Bergeson & Campbell, P.C. (B&C®) is a Washington, D.C. law firm providing chemical and chemical product stakeholders unparalleled experience, judgment, and excellence in matters relating to TSCA, and other global chemical management programs.

By Lynn L. Bergeson and Carla N. Hutton
On March 8, 2023, the U.S. Environmental Protection Agency opened a 30-day comment period on nominations for candidates to serve on the Toxic Substances Control Act (TSCA) Science Advisory Committee on Chemicals (SACC). According to EPA, there are currently 17 SACC members, with eight membership terms that will soon expire. Biographies for all candidates under consideration are available online. In addition, biographies for current SACC members are available on the SACC website. Comments on the nominations are due April 7, 2023. EPA states that it will use comments received to assist it in selecting new members of the SACC by June 2023.
SACC serves as a scientific peer review mechanism of EPA’s Office of Chemical Safety and Pollution Prevention (OCSPP). SACC provides independent scientific advice and recommendations to EPA on the scientific basis for risk assessments, methodologies, and pollution prevention measures and approaches for chemicals regulated under TSCA.



By Lynn L. Bergeson and Carla N. Hutton
In February 2023, the Office of Information and Regulatory Affairs (OIRA), within the Office of Management and Budget (OMB), published a summary of learnings and potential recommendations on broadening public engagement in the federal regulatory process. The learnings and recommendations were developed from written submissions and a public engagement session in November 2022 with hundreds of participants. OIRA invites feedback on the recommendations as it continues to consider them, with these questions as a starting point:

  • Which of the recommendations would most effectively broaden public engagement in the federal regulatory process, especially from members of underserved communities and those who do not typically participate in the regulatory process? Are there recommendations that are not helpful?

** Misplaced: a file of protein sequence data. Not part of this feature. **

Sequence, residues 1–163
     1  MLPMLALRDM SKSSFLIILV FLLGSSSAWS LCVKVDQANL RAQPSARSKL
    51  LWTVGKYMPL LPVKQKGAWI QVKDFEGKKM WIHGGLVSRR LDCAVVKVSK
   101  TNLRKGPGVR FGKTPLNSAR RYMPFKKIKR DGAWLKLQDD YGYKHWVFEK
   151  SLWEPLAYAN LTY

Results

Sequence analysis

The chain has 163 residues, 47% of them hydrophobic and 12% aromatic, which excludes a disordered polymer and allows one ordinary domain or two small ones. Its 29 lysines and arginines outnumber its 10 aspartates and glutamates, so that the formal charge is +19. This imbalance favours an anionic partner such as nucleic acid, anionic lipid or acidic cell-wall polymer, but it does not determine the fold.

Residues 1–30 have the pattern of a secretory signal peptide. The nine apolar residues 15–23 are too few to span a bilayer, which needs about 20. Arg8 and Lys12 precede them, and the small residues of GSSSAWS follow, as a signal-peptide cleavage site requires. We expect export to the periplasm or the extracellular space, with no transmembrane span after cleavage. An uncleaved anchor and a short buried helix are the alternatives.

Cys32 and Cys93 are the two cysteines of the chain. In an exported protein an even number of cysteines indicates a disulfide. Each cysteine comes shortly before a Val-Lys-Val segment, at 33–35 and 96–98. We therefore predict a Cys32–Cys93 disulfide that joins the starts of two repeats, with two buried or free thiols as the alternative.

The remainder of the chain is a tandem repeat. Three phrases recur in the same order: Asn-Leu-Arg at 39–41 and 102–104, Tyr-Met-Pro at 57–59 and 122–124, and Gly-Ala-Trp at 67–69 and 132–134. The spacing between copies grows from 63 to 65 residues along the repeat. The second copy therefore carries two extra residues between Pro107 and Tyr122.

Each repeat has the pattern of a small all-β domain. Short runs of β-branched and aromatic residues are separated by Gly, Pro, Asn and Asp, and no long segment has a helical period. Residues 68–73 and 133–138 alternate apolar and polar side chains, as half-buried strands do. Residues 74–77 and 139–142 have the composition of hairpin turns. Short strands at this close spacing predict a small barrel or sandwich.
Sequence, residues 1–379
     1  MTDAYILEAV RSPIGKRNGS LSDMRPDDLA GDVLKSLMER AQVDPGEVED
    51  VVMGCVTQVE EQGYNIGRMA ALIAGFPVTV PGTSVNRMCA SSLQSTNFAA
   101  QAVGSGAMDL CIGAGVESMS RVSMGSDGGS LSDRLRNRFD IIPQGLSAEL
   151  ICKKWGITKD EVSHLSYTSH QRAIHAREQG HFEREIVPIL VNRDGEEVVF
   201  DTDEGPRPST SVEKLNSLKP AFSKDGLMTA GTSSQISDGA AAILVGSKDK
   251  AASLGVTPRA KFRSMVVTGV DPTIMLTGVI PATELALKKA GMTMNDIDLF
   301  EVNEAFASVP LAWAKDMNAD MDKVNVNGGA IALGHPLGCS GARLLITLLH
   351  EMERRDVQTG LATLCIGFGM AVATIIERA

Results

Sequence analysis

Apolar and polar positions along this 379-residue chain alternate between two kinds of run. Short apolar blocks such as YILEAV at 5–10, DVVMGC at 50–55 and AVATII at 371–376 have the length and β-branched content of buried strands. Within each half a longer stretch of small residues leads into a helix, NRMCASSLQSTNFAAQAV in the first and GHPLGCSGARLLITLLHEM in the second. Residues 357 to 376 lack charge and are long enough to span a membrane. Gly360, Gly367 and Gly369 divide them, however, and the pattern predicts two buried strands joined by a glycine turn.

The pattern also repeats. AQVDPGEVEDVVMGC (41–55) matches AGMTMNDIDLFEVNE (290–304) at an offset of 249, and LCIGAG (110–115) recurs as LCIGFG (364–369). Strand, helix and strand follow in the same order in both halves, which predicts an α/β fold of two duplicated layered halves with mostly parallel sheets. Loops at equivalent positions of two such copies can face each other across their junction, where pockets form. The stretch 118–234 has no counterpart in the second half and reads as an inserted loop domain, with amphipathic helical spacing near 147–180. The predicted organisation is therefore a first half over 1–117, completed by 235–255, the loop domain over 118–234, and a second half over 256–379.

• Are there obstacles or barriers to greater public participation, especially for underserved communities, that are not addressed by these recommendations? If so, are there other recommendations that we should consider?
  • Are there existing materials, such as guides or tools, that would be especially effective in revising and potentially implementing these recommendations? What new tools or guidance are needed?
  • How can intermediaries -- such as trade associations or coalitions -- be helpful in reaching individuals and small organizations or businesses, where have they been successful in doing so, and where might they be insufficient?

Interested members of the public can submit their feedback to .(JavaScript must be enabled to view this email address) as written feedback or recorded audio and video submissions. OIRA will be actively reviewing any submissions received through 5:00 p.m. (EST) March 10, 2023. OIRA states that it is also planning an additional virtual listening session during which members of the public can provide their views on these recommendations, to be held 3:00 p.m. - 4:30 p.m. (EST) on Tuesday, March 7, 2023.



By L. Claire Hansen, Legal Intern